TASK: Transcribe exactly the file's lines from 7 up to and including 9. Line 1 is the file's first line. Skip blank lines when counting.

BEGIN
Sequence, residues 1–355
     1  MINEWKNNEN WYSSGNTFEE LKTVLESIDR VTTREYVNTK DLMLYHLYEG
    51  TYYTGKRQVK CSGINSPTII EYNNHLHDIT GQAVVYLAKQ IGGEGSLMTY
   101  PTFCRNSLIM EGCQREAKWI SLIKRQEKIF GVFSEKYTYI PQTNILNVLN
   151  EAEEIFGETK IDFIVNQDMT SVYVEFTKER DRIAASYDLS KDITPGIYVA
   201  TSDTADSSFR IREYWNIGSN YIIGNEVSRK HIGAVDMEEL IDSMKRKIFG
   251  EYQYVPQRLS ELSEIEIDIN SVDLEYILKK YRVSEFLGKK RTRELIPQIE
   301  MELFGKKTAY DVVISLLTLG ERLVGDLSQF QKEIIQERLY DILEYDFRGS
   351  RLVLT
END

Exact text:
   251  EYQYVPQRLS ELSEIEIDIN SVDLEYILKK YRVSEFLGKK RTRELIPQIE
   301  MELFGKKTAY DVVISLLTLG ERLVGDLSQF QKEIIQERLY DILEYDFRGS
   351  RLVLT